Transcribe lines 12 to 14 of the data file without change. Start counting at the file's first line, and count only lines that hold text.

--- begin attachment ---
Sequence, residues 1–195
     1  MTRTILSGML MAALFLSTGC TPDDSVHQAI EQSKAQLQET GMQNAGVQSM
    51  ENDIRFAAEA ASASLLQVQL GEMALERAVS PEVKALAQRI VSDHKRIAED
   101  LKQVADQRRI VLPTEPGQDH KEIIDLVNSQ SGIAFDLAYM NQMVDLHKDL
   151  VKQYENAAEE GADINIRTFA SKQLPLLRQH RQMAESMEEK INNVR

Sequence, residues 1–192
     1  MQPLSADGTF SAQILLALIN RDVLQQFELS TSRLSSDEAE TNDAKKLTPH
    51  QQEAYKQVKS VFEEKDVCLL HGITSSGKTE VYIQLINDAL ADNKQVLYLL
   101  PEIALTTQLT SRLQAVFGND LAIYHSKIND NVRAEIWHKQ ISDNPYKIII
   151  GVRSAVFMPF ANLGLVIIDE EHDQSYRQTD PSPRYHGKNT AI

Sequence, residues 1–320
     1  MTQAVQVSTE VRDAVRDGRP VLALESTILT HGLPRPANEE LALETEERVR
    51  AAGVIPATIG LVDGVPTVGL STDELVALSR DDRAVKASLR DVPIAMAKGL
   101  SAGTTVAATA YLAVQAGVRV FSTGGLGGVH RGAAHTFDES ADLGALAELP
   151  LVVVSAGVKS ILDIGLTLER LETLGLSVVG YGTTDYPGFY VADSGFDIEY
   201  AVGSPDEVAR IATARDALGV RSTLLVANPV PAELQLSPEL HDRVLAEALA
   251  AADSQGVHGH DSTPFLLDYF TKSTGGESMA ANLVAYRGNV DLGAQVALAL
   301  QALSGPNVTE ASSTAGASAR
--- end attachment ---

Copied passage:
     1  MTQAVQVSTE VRDAVRDGRP VLALESTILT HGLPRPANEE LALETEERVR
    51  AAGVIPATIG LVDGVPTVGL STDELVALSR DDRAVKASLR DVPIAMAKGL
   101  SAGTTVAATA YLAVQAGVRV FSTGGLGGVH RGAAHTFDES ADLGALAELP